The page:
That Christmas me and my sister went all out and bought my Mum and Dad some great presents, we really made a lot of effort – without either of us saying to the other that we knew it would be her last Christmas. We had a fabulous day, it was one of the best Christmases. My Mum wore a Santa hat all day, to cover her bald head.

Unfortunately, my Aunt was terminally ill with a different kind of cancer, so on Boxing Day we had to go and say goodbye to her – without actually saying goodbye, and all the while acting as if she was going to be fine, even though we all knew she wouldn’t be.

My Aunt died in January 2005. My Mum rang me and told me and said “I expect everyone thought it would be my turn first”. My Mum by that point had been fighting cancer for 5 and a half years. My aunt for only a year.

On 1st March 2005 I got THE phone call. Nothing else they could do. I’d like to say I had all these emotions, and describe to you what they were. But I didn’t. I was totally numb. I remember asking my Mum “So, what happens now?” and she said “Well….nothing really.”

We thought my Mum would have ages left, she had fought it for so long now that I thought she’d have at least 6 months, probably even a year.

The last time I saw my Mum, she stood on the steps of the hospice and waved me off as I left the car park. She had a big smile on her face and had been telling me how the hospice was quite like a hotel really. It was a lovely place – seems weird to say that about a hospice!

She died a couple of days later on 17th March 2005, 3 days before my 21st birthday. I wasn’t there, I didn’t make it to the hospice in time. I’m glad I wasn’t there, I don’t think she wanted us there. My Dad was with her and that is what she would have wanted.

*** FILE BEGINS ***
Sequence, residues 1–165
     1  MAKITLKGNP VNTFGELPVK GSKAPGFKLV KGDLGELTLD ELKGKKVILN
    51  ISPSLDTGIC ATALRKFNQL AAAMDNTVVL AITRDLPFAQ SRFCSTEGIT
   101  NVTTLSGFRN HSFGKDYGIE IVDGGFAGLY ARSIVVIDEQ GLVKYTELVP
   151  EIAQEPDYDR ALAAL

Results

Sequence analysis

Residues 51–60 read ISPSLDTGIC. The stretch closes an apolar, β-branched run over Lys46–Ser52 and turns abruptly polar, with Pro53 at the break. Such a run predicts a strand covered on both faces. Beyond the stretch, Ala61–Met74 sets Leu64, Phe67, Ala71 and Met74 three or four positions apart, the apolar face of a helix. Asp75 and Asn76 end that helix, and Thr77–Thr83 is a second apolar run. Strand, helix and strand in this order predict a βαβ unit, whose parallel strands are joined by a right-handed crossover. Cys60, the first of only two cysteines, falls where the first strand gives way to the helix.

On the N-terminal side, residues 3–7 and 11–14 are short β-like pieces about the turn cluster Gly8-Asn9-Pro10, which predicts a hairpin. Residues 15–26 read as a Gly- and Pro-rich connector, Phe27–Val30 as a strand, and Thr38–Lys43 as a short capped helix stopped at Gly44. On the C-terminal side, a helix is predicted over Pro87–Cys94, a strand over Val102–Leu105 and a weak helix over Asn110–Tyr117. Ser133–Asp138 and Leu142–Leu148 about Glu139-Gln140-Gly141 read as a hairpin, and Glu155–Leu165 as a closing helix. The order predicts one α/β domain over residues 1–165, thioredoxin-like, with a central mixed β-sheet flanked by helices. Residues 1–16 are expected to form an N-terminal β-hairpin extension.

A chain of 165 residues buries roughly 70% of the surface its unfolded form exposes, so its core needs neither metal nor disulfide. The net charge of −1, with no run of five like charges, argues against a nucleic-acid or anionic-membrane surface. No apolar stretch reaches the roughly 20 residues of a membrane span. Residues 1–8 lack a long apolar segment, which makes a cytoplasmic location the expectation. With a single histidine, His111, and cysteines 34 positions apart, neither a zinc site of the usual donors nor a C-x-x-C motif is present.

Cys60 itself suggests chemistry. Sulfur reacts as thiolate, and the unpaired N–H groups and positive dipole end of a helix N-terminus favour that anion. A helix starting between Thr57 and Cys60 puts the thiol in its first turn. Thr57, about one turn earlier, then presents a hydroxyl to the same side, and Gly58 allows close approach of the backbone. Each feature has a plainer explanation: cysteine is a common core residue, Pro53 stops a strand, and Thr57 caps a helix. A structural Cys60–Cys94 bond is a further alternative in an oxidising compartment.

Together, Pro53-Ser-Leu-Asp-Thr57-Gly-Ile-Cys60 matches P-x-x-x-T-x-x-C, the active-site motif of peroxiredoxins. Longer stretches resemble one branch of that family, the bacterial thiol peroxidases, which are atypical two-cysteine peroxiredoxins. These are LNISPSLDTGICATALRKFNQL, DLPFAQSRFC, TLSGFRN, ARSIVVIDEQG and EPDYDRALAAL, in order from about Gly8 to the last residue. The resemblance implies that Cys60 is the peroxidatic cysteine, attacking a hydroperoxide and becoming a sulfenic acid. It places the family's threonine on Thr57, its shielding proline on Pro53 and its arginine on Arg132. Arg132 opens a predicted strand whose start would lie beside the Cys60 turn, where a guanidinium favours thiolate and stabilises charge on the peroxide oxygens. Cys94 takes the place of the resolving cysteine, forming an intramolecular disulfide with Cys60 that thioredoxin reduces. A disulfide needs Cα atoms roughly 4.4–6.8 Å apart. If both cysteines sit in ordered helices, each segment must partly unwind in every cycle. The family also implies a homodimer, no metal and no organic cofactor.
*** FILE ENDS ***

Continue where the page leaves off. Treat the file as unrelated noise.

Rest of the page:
This all seems very depressing doesn’t it? It is I suppose. She never met my husband, or my children, she didn’t see any of her daughters get married. She didn’t get a chance to write in my 21st birthday card (which we still celebrated 3 days after she died – that was weird!)

I do miss her. I miss her a lot. I would give anything to be able to see her and tell her all about my kids, my husband. I’d like to be able to ring her and ask her how on earth to get this wood stain from the bottom of my sofa, out of the carpet in my married quarter. I think she’d know the answer, she seemed to know lots of stuff like that.

My Mum had some of the symptoms of Ovarian Cancer. But none of us knew they were the symptoms of cancer. She was getting older, and she put it down to that.

So here are the symptoms (taken from www.ovarian.org.uk):

Persistent pelvic and stomach pain
Increased abdominal size / persistent bloating – not bloating that comes and goes
Difficulty eating and feeling full quickly
Occasionally other symptoms such as urinary symptoms, changes in bowel habit, extreme fatigue or back pain may also be experienced on their own or at the same time as those listed above.”

You can see how they could be overlooked, blamed on something else etc.

The point of this blog is to raise awareness, to let you all know the symptoms. Most of those symptoms, if you have them, are probably down to something else, but it is better to be safe than sorry.

And as for my Mum…she was a fabulous lady, a fantastic Mother, I truly had the best upbringing I could ever have wished for, and I hope that when my children are older, they will look back on their childhood with the same fondness as I do.

But we can’t dwell on the past, we can’t change what has happened, we can only use things that have gone wrong, to try and stop them from happening again. Most importantly, we can stick a smile on our faces and get on with things – a trait which us Army wives know all to well. I remember my Mum as a smiley, happy woman, despite fighting cancer for so long, she still laughed and enjoyed herself. She wasn’t ever miserable – or at least not in front of anyone.